For the analysis of cell distribution along the scaffolds (alginate vs. alginate/BCM), immunofluorescence was performed in 10 μm thick paraffin-embedded tissue sections, using a heat-induced antigen retrieval process in a 0.01 mol/L solution of sodium citrate before incubation with DAPI. The coverslips were washed three times with PBS and then in sterile distilled water and allowed to dry before mounting with VECTASHIELD with DAPI (Vector Laboratories, Burlingame, CA). All slides were examined using a DMRA microscope (Leica Microsystems, Wetzlar, Germany) fitted with appropriate fluorescence filters, and the images were captured using CytoVision software (Applied Imaging Systems, Santa Clara, CA).

2.10. Scanning Electron Microscopy

After primary fixation in 4% glutaraldehyde, all samples were soaked in 0.1 M sodium cacodylate for 10 minutes and washed three times. Samples were transferred into 1% osmium tetraoxide for two hours for postfixation and washed again with 0.1 M sodium cacodylate. Samples were dehydrated in a graded series of acetone, placed into the critical point dryer (CPD Baltec-030) for 30 minutes, mounted onto a stub sputtered with gold coating in Sputter Coater Polaron E-5100 SEM Coating Unit, and viewed under a JEOL JSM 6400 scanning electron microscope (JEOL Corporation Ltd., Tokyo, Japan).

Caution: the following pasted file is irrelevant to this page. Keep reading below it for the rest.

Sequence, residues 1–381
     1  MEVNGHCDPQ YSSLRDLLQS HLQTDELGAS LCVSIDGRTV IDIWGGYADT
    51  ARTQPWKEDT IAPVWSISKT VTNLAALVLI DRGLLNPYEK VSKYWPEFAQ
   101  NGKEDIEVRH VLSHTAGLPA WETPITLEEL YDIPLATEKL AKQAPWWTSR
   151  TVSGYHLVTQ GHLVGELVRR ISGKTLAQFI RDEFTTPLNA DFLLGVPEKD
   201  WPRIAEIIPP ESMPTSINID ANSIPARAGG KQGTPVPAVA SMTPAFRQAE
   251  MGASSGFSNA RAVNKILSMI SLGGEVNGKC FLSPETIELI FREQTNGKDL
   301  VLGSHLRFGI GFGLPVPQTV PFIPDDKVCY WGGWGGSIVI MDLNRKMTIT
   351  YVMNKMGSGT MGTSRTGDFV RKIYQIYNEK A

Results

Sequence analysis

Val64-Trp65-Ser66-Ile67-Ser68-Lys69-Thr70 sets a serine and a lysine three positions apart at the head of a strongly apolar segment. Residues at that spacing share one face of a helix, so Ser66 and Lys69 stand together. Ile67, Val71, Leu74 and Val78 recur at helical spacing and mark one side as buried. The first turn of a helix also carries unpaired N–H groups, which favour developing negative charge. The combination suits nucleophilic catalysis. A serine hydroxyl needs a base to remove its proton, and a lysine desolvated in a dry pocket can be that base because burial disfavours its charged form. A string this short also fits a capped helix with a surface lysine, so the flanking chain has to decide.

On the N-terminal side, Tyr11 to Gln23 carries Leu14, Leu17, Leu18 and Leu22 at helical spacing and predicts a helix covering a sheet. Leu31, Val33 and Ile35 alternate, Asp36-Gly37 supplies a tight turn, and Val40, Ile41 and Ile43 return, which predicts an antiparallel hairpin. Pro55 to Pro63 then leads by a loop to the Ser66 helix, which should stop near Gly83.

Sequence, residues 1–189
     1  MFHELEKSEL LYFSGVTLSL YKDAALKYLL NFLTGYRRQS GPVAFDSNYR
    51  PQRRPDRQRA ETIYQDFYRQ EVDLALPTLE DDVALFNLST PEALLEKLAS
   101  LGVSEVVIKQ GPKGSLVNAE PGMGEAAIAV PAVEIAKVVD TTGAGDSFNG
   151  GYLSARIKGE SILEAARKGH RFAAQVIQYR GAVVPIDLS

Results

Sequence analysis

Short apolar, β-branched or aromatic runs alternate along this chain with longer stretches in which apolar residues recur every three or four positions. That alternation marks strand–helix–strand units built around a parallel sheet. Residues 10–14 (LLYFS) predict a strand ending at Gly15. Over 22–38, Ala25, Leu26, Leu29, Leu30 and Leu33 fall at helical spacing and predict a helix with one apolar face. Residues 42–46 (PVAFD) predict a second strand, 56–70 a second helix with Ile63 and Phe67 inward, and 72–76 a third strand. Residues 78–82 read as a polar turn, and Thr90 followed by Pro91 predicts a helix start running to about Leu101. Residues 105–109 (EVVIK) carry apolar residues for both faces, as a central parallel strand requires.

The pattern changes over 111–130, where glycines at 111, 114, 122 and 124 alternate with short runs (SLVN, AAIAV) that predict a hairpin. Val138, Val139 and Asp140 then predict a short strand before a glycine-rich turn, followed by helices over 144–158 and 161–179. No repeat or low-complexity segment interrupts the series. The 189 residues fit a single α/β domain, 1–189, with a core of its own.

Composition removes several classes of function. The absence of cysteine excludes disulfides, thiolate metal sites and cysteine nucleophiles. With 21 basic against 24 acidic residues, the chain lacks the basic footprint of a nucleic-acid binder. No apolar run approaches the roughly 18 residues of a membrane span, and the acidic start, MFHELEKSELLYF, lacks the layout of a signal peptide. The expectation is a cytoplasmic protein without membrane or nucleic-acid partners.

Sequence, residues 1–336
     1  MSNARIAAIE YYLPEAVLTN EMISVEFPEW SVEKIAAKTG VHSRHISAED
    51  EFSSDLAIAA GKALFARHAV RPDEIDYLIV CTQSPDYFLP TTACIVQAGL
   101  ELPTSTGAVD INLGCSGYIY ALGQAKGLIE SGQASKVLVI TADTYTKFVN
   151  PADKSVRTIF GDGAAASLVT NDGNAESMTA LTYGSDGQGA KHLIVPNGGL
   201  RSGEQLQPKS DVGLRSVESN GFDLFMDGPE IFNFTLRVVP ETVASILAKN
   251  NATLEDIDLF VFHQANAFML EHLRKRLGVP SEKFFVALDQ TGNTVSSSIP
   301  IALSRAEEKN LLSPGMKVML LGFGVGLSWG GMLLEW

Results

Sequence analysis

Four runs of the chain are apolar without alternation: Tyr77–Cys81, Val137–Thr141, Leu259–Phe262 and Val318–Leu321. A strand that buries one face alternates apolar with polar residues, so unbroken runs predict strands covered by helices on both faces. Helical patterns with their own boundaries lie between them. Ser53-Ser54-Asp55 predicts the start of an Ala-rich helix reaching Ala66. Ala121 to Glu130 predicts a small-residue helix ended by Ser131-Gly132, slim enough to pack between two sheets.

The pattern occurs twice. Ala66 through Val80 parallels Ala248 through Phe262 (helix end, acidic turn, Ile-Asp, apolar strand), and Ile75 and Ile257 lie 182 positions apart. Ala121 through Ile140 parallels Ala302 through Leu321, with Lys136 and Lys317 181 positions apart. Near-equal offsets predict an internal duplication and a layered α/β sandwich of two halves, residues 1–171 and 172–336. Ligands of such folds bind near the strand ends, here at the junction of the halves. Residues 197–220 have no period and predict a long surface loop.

2.11. Adenoviral Vector Transduction with Ad-IGF1

Construction of the replication-deficient viral vector was previously described [26]. The adenovirus E1A region was replaced with the human IGF1 gene under the control of the Rous sarcoma virus (RSV) long-terminal repeat and grown in HEK 293 cells. The transduction assay was performed using the Ad-IGF1 vector with an MOI of 100 from an aliquot of PFU/ml. A total of cells were seeded in a 25 cm2 flask, and the next day, the culture medium was removed and 1 ml of DMEM was added to the amount of viral particles as necessary. Cells were incubated with the viral particles for 3 h at 37°C. Subsequently, 4 ml of DMEM supplemented with 5% FBS was added and incubated for 7 days.

2.12. Quantitative IGF1 ELISA